REVIEW: Henry IV Part 2, Shakespeare’s Globe London ✭✭✭✭✭

Last Updated on 19th May 2019

Mark Ludmon reviews Henry IV Part 2 or Falstaff, the second part of Shakespeare’s Henriad trilogy at Shakespeare’s Globe London.

Henry IV Part 2 review Shakespeare's Globe
Sophie Russell, John Leader and Steffen Donnelly in Henry IV Part 2. Photo: Tristram Kenton

Henry IV Part 2 or Falstaff
Shakespeare’s Globe, London
Five stars
Book Tickets

After the roaring success of his play Henry IV in the mid-1590s, Shakespeare was driven – like Hollywood producers more than three centuries later – to come up with a sequel. Like Disney with Mary Poppins Returns, he picked up on what made the original such a hit, bringing back most of the characters and telling a similar story of a son estranged from his father and their struggle against rebellious lords alongside the booze-fuelled antics of a bunch of dissolute ordinary folk.

Henry IV Part 2 Globe London
Helen Schlesinger as Falstaff in Henry IV Part 2. Photo: Tristram Kenton

In the new production at the Globe, we have the same ensemble as Part 1 as well as the subsequent sequel to the sequel, Henry V, which are also part of the summer season as a Henriad trilogy. But there are plenty of differences in tone, theme and language to mark this out as a stand-alone play rather than simply a continuation.

It picks up directly from the end of Part 1, with Henry Percy, the Earl of Northumberland, hearing about the death of his son, Hotspur, at the Battle of Shrewsbury at the hands of the young Prince Hal. When the powerful Archbishop of York steps forward with his own rebellion, they prepare to join forces for a new northern uprising. The drunken Sir John Falstaff is also back after his introduction in the first play, bringing with him old favourites Hostess Quickly and Bardolph plus plenty of other confederates including the “swaggering” Pistol, prostitute Doll Tearsheet, and justices Shallow and Silence. Inspired by a 1613 record of the two plays, the Globe bills them as “Hotspur” and “Falstaff”, reflecting how, in this sequel, the errant knight and his friends have more lines and time on stage than Henry and his history. As in Part 1, Falstaff is played with blustering brilliance by Helen Schlesinger, nimbly filling the stage in a wobbling fat suit, winning over the standing spectators with engaging interaction – even when stealing their drinks and clothing. He has fantastic support from Jonathan Broadbent as Quickly, Philip Arditti as Doll, John Leader as Bardolph, Colin Hurley as Pistol, Steffan Donnelly as Silence and Sophie Russell as a stand-out Justice Shallow.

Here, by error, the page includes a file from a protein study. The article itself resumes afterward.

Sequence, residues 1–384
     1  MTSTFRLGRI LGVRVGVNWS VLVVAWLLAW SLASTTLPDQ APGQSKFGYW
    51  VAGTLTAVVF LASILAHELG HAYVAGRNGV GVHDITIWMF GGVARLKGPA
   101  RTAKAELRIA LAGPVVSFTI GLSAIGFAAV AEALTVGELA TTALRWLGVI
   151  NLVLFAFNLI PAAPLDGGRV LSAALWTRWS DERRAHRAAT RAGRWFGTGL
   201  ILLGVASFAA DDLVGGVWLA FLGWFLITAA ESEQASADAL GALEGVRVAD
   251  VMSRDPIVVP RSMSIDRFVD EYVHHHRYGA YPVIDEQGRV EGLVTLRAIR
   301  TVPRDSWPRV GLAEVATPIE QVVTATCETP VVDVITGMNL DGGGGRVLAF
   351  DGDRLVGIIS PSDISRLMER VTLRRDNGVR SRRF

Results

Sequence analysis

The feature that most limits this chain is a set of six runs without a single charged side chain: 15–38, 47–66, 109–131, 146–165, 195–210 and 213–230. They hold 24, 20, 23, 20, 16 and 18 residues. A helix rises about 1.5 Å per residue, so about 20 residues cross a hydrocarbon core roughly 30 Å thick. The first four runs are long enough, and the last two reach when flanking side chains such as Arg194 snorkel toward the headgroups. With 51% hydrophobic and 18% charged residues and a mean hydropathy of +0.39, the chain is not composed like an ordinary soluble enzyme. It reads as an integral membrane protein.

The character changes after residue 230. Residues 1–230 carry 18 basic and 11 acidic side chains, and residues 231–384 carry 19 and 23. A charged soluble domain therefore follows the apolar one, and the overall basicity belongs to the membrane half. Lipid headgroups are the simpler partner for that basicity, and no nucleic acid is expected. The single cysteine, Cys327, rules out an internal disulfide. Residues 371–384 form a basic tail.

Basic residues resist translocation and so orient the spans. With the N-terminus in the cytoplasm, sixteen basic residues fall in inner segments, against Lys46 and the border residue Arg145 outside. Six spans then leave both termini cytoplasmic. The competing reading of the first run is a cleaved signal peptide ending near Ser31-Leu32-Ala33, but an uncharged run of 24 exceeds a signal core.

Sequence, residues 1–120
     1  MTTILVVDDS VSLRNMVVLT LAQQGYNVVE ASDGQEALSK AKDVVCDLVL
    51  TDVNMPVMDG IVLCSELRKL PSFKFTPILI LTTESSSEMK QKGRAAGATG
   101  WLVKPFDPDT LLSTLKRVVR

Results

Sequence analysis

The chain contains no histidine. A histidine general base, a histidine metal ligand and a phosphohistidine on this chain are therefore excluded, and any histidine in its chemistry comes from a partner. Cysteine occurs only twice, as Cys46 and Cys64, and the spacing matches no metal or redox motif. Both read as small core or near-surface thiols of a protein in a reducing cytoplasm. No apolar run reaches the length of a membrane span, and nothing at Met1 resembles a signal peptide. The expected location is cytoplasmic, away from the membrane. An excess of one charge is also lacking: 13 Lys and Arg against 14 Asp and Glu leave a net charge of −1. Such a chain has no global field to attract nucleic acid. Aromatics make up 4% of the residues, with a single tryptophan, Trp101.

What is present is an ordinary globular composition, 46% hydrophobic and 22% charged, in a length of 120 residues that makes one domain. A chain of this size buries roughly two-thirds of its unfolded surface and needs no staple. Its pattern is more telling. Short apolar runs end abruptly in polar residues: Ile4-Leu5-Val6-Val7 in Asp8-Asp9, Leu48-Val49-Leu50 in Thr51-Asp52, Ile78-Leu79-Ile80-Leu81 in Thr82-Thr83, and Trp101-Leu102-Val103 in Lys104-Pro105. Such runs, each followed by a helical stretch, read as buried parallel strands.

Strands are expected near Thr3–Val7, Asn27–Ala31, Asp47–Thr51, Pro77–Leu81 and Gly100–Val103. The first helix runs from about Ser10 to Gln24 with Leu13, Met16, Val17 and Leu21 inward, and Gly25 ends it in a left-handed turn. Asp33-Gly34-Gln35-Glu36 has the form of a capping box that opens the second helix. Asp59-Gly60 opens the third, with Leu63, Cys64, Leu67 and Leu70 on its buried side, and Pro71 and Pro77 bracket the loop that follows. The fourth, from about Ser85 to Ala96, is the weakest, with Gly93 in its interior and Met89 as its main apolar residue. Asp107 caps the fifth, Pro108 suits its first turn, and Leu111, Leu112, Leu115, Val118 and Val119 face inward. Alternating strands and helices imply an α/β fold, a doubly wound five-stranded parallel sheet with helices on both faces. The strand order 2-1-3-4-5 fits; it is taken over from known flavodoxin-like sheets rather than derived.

Henry IV Part 2 tickets
Philip Arditti in Henry IV Part 2. Photo: Tristram Kenton

But this is not the same Falstaff as Part 1. While he remains as little self-aware as before, Schlesinger adds occasional elegiac poignancy to his escapades as he starts to reflect on growing old and the imminent “chimes at midnight”. It matches the more sombre tone of the history as Henry IV – again played by Arditti – contemplates his own mortality as Hal waits in the wings to take over as Henry V. Although the plays were at most three years apart, there is also a greater maturity to Shakespeare’s language, with richness to his poetry and phrasing. It is here we have Henry IV speak for many of the playwright’s characters when he laments that “uneasy lies the head that wears a crown”.

Henry IV Part 2 review
Sarah Amankwah as Prince Hal in Henry IV Part 2. Photo: Tristram Kenton

After the reconciliation between Henry IV and his prodigal son at the end of Part 1, Hal is back larking around in taverns with Falstaff to the horror of his father but, by the end, he has acquired the trappings and demeanour of kingship. Starting out with youthful exuberance, Sarah Amankwah successfully charts Hal’s transformation to statesman as he casts aside his dilettante past to become the future King Harry. Shakespeare’s preoccupation with the theatricality of performing power, where clothes and crowns define status, runs through both plays and this is cleverly highlighted by directors Sarah Bedi and Federay Holmes through their approach to each actor playing up to five characters each. Costume changes increasingly take place on stage, most notably in Arditti’s transformation from prostitute to king, which not only maintains pace but exposes the artifice, showing that clothes really do maketh the man (and woman). It is a credit to the Globe Ensemble that the stage seems to teem with a huge array of different characters but the show’s final jig – excellently choreographed by Siân Williams – reminds us that, remarkably, this fine production has a cast of only 10.

Running to 11 October 2019.


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